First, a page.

Classes directly responsible for the management of tasks are found in the com.clarkrichey.stopLight.managementpackage. The TaskManager interface is listed below. The TaskManager interface describes classes that are responsible for scheduling the execution of tasks. This interface contains methods for registering and for removing aTask, as well a method for setting the monitoring strategy to be used, and for retrieving an instance of a registeredTask. While the registerTask(),getTask(), and getTasks() methods are self-explanatory, the rest of the methods defined by this interface require some explanation.

    The removeTask() method will remove the specifiedTask from the TaskManager's list of tasks to be executed, but will not interrupt the Task if it is currently executing. The removeTaskNow() methodwill remove the specified Task from theTaskManager's list of tasks to be executed, and will terminate the Task's execution if it is currently running.

    The methods setTaskMonitoringStrategy() andgetTaskMonitoringStrategy() are used, respectively, for setting and getting the strategy to be used by theTaskWrapper to determine if a Task has terminated abnormally. While the TaskManager is responsible for the scheduling of Tasks, the determination of a Task's health is dictated by theTaskMonitoringStrategy that is being used. Further information on the TaskMonitoringStrategy can be found in the "Task Monitor" section below.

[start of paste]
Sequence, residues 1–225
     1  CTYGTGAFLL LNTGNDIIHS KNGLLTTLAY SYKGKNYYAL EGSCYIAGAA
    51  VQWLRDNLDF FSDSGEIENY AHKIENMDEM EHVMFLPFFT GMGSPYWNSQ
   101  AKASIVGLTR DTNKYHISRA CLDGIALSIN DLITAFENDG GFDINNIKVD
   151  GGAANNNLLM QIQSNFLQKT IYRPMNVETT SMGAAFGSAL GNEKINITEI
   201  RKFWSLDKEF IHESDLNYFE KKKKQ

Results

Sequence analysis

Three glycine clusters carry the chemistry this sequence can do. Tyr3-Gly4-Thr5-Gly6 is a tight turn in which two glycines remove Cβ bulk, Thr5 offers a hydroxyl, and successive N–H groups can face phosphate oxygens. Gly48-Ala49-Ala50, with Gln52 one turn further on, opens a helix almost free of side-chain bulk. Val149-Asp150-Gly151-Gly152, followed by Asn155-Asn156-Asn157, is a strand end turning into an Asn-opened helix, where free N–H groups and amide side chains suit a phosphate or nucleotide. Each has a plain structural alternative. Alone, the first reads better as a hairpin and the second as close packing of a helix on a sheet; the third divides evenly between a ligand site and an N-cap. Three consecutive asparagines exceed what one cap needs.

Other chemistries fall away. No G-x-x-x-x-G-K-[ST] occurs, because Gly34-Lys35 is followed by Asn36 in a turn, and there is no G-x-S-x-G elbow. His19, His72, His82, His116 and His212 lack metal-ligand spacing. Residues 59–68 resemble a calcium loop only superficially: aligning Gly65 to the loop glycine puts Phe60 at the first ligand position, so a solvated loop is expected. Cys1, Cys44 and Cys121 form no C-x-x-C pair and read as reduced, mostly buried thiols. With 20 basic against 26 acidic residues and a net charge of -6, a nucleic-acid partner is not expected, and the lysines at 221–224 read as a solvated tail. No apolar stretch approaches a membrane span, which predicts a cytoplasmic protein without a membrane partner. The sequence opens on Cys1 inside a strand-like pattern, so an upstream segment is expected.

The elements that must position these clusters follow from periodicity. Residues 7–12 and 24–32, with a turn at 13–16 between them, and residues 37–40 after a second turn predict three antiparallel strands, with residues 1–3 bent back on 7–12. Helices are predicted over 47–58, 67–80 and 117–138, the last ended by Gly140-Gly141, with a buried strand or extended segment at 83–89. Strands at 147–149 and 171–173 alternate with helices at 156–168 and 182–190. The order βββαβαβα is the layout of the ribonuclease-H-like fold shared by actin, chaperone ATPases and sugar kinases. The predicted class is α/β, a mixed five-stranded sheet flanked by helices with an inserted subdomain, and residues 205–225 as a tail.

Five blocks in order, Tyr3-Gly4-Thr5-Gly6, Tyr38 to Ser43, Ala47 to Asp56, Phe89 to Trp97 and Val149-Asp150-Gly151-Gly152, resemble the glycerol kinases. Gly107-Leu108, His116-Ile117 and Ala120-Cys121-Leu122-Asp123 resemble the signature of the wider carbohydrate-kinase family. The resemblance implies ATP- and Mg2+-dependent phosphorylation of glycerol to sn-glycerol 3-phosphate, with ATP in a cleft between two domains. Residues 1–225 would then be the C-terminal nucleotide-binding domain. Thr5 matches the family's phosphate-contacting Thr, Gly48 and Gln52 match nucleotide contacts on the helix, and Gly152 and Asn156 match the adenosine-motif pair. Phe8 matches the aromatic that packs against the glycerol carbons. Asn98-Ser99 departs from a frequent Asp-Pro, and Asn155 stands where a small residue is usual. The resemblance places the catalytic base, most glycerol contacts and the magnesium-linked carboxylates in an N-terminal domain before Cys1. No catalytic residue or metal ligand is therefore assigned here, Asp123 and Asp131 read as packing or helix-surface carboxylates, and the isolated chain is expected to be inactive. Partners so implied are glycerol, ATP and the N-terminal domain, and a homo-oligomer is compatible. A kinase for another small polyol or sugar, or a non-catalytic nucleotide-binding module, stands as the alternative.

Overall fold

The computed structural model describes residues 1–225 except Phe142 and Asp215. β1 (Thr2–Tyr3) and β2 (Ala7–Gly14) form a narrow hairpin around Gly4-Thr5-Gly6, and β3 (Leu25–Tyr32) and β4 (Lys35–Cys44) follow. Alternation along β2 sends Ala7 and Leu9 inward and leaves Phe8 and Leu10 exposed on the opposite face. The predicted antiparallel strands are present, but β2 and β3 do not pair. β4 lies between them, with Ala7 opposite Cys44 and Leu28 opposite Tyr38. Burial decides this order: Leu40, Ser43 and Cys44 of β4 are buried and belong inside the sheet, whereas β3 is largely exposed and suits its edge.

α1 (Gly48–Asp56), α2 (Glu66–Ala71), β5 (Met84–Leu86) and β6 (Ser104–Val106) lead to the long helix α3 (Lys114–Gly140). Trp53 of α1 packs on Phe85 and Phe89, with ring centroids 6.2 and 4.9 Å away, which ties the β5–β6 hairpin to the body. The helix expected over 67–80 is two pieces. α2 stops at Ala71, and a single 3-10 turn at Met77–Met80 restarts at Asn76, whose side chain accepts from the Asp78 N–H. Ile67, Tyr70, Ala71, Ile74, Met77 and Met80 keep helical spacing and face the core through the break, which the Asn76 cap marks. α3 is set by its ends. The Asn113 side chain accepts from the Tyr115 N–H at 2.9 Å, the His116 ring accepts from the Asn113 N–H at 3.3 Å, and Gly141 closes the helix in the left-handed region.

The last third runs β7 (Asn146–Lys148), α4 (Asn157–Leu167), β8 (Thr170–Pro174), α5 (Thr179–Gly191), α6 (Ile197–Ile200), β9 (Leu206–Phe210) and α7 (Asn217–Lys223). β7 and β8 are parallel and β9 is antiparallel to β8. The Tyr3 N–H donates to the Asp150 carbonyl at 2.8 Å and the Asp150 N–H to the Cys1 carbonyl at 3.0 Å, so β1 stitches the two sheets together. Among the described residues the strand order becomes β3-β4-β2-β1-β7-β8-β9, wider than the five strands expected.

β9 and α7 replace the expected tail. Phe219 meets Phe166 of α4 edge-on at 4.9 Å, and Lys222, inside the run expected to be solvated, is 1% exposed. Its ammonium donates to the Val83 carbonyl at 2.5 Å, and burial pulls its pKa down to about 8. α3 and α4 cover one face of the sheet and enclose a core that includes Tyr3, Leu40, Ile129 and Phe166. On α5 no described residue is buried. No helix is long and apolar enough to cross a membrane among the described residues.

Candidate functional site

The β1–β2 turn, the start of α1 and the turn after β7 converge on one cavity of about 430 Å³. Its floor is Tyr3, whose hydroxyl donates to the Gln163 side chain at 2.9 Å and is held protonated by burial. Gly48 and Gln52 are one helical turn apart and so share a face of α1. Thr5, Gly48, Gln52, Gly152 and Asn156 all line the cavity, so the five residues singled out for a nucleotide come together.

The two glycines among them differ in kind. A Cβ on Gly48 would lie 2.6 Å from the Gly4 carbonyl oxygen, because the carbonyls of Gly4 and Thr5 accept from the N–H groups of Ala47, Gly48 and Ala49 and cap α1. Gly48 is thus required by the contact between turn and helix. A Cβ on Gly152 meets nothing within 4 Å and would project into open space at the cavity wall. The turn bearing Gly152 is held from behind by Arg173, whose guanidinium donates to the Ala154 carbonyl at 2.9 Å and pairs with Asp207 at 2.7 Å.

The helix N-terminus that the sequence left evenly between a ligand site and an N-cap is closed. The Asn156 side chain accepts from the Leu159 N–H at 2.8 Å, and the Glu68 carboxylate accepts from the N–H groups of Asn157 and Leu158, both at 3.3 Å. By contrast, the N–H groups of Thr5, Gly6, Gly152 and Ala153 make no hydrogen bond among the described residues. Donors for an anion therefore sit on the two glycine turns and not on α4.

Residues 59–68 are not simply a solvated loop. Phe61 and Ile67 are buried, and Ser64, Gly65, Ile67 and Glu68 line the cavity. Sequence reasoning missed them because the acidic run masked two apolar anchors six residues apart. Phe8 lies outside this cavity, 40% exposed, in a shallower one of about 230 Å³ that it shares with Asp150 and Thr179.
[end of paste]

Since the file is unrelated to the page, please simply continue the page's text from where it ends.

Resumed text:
public interface TaskManager extends StopLightManagedComponent { /** Used to register a Task with the TaskMonitor * @param taskToRegister The Task that will * be managed by the TaskMonitor * @param taskName The unique name of the Task */ void registerTask(String taskName, Task taskToRegister); /** Used to get a copy of the List of Tasks * being managed by this * TaskManager * @return The List of Tasks being managed by * this TaskManager */ List<Task> getTasks(); /** Used to get a particular Task that was * registered with the TaskManager * @param taskName The name of the Task to * be retrieved * @return The requested Task. Null if * the task is not found */ Task getTask(String taskName); /** Used to remove a Task that we registered * with this * TaskManager. Running Tasks are allowed to * complete their execution * @param taskToRemove The Task to be removed */ void removeTask(String taskName); /** Used to remove a Task that we registered * with this TaskManager. Running Tasks * are terminated without being allowed to * complete their execution * @param taskToRemove The Task to be removed */ void removeTaskNow(String taskName); /** Used to set the TaskMonitoringStrategy that * will be used by the TaskManager to * determine if a Task is alive or not. * Calling setTaskMonitoringStrategy will * replace any existing TaskMonitorStrategy * with the new TaskMonitorStrategy passed in * @param s The TaskMonitoringStrategy * to use */ void setTaskMonitoringStrategy(TaskMonitoringStrategy s); /** Retrieves the current TaskMonitoringStrategy * @return The current TaskMonitoringStrategy */ TaskMonitoringStrategy getTaskMonitoringStrategy();